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View Full Version : Plant Sizes????


prairie
05-13-2002, 03:56 PM
What size of plants do you NORMALLY plant at a clients location, be it Boxwood, Barberry, or Spirea. I usually plant 2 gal for my customers that are very nice and ready to be planted, because of being close to being root bound. I've had some people say, "those are kind of small aren't they"? I don't know it's just been this year that I've had clients say this me... What size do you guys plant normally..

GarPA
05-13-2002, 04:30 PM
usually I start by asking them right up front how big do you want the plant to stand from the root ball up when I plant it...if they say 4 ft, I explain to them we're talking about more cost...like double or triple what a 2 gal costs....most times I use balled and burlapped stock...most of my customers are at least in their late 40's and 50's and dont want to be wheel chair bound when their landscape finally matures.

AGLA
05-13-2002, 06:46 PM
This is a great subject. The size plants that you use is very important in defining you. ...especially if you are, and plan to remain a small company.
If your survivability will allow it, and you have the nerve to insist on it, you can develop a higher end customer base and establish a reputation by using only bigger, higher quality plants. The oposite will hold true as well.
That is a difficult thing to accomplish, but worth it if you can.

wmsland
05-13-2002, 09:40 PM
The size of the plant used depends on a few different factors, such as what the design/designer calls for, availability of different sizes and probably most important the clients budget. Bigger doesn't always mean better.

steveair
05-13-2002, 10:21 PM
Hello,

Lately I've been leaning towards the bigger materials for my installations.

I prefer larger material because I prefer to space my plantings out to allow for future growth. There are just ENTIRELY too many guys out there these days who come in, and just throw 2 gal plant after 2 gal plant into a area.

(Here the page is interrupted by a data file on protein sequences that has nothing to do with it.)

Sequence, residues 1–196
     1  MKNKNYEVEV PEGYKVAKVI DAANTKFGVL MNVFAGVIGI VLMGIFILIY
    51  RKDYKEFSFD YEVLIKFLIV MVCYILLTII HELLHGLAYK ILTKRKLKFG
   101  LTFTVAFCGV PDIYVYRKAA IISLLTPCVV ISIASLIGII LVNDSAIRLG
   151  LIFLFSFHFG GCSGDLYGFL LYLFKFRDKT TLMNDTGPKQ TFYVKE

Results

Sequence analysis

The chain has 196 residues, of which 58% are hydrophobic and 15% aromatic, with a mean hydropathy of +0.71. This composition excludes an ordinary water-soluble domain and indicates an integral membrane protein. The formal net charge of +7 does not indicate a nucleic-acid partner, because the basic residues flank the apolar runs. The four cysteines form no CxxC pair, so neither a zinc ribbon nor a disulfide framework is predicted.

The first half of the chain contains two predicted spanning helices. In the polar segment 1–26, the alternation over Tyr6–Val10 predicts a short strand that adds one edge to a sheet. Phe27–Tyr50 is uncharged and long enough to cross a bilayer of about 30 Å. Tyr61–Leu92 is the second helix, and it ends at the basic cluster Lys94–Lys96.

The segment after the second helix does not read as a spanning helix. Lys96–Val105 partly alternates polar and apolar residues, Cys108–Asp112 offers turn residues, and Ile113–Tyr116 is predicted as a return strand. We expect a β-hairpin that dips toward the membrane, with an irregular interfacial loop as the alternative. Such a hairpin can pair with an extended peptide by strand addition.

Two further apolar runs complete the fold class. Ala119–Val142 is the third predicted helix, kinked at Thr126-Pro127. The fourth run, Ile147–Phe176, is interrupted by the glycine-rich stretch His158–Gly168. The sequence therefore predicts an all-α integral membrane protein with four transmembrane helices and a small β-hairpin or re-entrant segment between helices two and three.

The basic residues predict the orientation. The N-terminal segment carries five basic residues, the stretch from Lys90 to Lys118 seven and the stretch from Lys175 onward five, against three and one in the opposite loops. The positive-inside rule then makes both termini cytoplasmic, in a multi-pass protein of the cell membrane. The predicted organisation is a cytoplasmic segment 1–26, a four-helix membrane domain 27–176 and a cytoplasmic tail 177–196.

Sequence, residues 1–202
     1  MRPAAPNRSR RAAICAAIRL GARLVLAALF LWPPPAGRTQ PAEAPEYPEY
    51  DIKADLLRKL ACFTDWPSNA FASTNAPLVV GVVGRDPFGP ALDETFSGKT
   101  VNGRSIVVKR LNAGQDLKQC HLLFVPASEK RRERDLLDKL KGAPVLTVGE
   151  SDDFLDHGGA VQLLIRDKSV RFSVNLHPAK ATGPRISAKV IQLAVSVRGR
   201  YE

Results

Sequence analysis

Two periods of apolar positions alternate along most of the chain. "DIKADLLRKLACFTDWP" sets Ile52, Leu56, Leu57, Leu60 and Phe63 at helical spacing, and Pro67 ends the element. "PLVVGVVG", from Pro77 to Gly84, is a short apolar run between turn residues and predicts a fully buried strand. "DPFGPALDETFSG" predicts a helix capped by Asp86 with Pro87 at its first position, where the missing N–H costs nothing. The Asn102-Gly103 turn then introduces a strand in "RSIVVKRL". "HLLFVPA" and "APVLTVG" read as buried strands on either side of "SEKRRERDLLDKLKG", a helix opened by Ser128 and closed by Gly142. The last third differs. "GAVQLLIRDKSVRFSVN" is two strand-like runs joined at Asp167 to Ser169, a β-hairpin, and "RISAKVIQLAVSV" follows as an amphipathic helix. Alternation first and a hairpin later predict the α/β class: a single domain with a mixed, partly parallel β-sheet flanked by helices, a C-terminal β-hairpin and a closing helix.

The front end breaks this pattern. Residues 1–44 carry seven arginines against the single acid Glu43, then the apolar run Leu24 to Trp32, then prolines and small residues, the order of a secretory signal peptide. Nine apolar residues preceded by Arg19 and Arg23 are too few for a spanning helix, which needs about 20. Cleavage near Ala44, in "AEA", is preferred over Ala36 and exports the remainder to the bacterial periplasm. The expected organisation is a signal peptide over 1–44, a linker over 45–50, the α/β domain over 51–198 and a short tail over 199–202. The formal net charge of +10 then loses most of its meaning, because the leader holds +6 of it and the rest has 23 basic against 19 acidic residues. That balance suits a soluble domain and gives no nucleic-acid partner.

It looks great for a few years, but then in a few years everything is growing on top of each other and you end up losing half of the stuff because of crowding.

The problem is that clients have trouble understanding plant growth, and that there is so much 'overplanting' going on that it has been considered the 'norm'.

For example, when doing a foundation planting, most guys tend to try and fill every little nook and cranny in front of the house with a plant. No 'bare spots' allowed! The problem is, in about 3 years you have a complete jungle as those plants grow and start to cover each other. Yes, there are such things as 'filler' plants that are meant to be lost over time, but in many instances half the plants are 'fillers'.

I prefer to space plants according to there growth rate. By using larger material, I can space plants properly and still avoid all of the 'empty' voids that are created. In the end, it may cost a few more dollars, but it will maintain the desired look that I was shooting for in both the present and future, whereas most people these days shoot for 'look good now' and who cares what happens later.

High end jobs are always fun, as you really get to spend the money on big material and have it look good now and later. Instant and lasting gratification. However, it comes at a very high cost.

steve

prairie
05-14-2002, 10:11 AM
Thanks Guys, I mostly plant 2 gal probably 50% of the time, the rest are 3-5 for higher end clients and 1-2 gal for the budet jobs. I do my own design so it is easier for me to go back and change things around

Planter
05-15-2002, 02:39 AM
I recently planted some nice Bakerii Spruce in #7 containers. They were nice trees at about $109 each. The next size up were absolutely beautiful. And well they should be at $299 each.

The customer set the budget and took the smaller trees. Budget rules with the customer.

How many of you go to the nursery and hand pick your own stock? I find that I can spend a few billable hours there and get better and larger stock than when I let the nursery staff pull what's at the front of the row and have them give me the ones the public would pass as misshapen.

prairie
05-15-2002, 10:10 AM
I keep stock onhand at the shop all the time I usually have enough to do 1-2 complete new house landscape installs. I also keep the stock so customers can come and look at what their buying. I always just buy from my whole saler and have them diliver, I've been blessed with a great whole saler and haven't EVER had to return any plants for over 7 years.